Simple reprimand is NOT ENOUGH. The couple has every right to sue the city/township for being embarrased and having their rights violated (the warrant was not properly granted, hence it was illegal search and seizure)

    It could have been worse. Maybe the contractor could have smelled guns. Then SWAT would’ve busted down the door with guns blazing.

  106. Corydon says:

    @Eyebrows McGee: Easy there…I’m sure we all appreciate that you did something with your LLB besides chase ambulances.

    But there’s lots of ways of standing up for civil liberties that don’t require a professional degree. Some of these include:

    - Donating money to the civil liberties organization of your choice (a.k.a. paying your salary while you were doing all that fancy first amendment lawyer stuff)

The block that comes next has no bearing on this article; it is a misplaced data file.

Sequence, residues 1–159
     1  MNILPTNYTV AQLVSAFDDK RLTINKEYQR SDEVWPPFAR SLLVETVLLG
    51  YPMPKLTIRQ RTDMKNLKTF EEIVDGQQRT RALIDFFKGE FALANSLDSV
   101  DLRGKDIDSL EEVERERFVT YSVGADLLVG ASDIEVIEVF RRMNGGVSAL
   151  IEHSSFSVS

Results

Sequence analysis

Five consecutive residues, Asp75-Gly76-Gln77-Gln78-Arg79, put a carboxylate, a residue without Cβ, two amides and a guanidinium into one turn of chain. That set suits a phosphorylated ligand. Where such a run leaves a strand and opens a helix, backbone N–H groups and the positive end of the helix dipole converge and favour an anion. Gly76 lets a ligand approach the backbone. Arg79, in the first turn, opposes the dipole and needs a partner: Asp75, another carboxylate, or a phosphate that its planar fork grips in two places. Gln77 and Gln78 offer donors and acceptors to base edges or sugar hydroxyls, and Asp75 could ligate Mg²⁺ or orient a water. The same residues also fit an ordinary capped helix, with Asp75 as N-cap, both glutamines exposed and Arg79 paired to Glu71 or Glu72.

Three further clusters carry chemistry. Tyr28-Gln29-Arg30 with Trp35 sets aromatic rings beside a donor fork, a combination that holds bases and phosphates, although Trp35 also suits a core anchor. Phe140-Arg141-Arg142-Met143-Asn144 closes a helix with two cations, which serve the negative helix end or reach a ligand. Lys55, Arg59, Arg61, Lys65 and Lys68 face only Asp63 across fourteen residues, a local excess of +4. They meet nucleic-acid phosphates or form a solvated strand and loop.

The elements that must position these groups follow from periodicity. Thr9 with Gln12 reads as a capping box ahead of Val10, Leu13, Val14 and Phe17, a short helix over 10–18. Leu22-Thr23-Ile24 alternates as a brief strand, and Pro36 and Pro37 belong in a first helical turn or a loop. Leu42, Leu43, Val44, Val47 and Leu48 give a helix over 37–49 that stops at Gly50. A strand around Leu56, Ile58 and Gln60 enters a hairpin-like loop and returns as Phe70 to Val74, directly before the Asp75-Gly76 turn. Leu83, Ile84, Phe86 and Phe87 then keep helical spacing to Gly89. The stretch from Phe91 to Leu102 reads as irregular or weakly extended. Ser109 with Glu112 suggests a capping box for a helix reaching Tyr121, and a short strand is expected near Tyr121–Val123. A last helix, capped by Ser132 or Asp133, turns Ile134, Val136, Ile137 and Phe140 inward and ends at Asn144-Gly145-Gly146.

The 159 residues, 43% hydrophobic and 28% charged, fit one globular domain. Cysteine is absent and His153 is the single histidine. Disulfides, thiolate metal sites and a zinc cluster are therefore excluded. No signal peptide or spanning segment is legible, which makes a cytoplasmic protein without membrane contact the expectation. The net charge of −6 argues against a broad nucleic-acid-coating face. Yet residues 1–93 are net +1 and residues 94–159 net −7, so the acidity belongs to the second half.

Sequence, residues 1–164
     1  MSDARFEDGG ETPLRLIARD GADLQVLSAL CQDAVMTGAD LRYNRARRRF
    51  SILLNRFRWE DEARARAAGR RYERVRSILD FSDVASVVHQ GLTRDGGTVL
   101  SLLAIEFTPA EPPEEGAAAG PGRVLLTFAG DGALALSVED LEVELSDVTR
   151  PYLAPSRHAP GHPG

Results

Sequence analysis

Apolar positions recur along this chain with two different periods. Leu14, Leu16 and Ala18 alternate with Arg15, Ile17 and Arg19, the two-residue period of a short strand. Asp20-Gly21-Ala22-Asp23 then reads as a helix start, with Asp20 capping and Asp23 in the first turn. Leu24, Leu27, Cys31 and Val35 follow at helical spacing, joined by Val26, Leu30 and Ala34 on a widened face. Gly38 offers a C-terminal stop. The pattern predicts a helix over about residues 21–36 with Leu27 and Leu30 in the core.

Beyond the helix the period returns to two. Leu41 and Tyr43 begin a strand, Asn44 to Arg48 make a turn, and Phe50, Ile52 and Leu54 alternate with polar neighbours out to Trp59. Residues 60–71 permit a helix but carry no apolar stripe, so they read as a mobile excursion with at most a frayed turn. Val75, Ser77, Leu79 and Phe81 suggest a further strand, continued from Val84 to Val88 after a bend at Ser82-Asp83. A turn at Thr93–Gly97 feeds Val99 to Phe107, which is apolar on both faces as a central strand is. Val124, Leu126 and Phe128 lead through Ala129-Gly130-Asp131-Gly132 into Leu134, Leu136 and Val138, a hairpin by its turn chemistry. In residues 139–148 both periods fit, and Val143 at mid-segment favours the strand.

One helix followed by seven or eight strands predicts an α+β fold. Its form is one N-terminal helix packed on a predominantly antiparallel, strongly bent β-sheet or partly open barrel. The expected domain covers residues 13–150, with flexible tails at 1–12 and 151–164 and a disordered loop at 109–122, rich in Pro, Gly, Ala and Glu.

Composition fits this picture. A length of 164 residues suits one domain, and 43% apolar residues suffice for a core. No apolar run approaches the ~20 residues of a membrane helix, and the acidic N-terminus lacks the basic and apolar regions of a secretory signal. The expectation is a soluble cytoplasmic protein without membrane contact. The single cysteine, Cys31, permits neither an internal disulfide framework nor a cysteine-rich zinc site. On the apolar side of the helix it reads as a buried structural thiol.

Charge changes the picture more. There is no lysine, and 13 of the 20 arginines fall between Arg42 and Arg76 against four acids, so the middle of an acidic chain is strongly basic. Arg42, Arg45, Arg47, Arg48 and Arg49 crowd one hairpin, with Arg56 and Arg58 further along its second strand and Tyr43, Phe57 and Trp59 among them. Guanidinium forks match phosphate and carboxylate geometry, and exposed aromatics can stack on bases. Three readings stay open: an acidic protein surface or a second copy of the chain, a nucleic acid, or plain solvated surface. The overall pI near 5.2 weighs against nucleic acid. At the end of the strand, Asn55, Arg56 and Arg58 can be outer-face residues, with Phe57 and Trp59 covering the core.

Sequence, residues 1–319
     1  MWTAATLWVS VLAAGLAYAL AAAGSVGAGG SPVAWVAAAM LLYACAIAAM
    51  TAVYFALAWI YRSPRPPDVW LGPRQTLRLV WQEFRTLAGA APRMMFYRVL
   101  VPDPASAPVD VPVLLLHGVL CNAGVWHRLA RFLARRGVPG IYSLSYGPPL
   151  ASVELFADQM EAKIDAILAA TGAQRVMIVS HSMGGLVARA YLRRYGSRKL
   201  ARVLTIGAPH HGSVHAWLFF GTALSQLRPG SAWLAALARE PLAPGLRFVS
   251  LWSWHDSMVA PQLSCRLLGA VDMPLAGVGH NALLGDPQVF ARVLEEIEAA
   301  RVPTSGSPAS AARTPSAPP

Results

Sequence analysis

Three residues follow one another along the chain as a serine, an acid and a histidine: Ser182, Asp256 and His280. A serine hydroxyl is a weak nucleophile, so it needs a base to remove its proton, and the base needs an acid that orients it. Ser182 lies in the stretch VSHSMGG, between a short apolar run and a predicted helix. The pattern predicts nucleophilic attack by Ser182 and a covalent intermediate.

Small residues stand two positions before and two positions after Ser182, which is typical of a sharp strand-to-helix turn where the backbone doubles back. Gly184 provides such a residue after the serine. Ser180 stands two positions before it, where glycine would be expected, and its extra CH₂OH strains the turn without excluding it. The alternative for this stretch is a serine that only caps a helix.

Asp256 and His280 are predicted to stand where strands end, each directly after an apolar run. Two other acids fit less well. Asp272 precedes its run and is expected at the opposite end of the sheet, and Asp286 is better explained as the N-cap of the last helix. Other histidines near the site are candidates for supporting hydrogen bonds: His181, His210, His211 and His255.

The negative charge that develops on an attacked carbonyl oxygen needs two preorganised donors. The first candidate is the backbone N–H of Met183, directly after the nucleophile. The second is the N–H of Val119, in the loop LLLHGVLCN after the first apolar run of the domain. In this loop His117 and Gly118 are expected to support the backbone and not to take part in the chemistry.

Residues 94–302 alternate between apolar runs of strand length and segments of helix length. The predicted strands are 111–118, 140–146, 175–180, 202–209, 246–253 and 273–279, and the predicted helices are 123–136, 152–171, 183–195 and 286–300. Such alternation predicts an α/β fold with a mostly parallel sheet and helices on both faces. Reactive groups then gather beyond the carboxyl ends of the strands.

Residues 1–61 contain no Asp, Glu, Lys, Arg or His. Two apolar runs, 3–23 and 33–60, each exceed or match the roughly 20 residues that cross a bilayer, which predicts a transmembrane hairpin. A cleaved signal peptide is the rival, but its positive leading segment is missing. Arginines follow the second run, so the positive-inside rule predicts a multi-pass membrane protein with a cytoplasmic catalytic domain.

– Getting involved in politics: local, state and federal.
    – And yes, online advocacy (among other kinds). Winning hearts and minds and helping to create a political environment where infringements aren’t possible.

    Let’s keep in mind that the police knew exactly how flimsy the evidence was in this case and decided to go all Judge Dredd anyway without doing any further investigation. Yes, the judge should have shot them down, but it speaks volumes that they expected to get get a warrant on the strength of a single witness who smelled something that doesn’t even fit the description of a meth lab.

  107. redkamel says:

    if you have a big enough lighting system you can get cops who think you are growing “marijuana” too. Coincedentally they use similiar lights also.

  108. nonzenze says:

    They’ll probably get about $10k from the city on a 1983 case. Not bad for a few hours and a door.

  109. nonzenze says:

    They’ll make $10k on a 1983 action against the city (if the settle). Not a bad haul for a broken door and a few hours . . .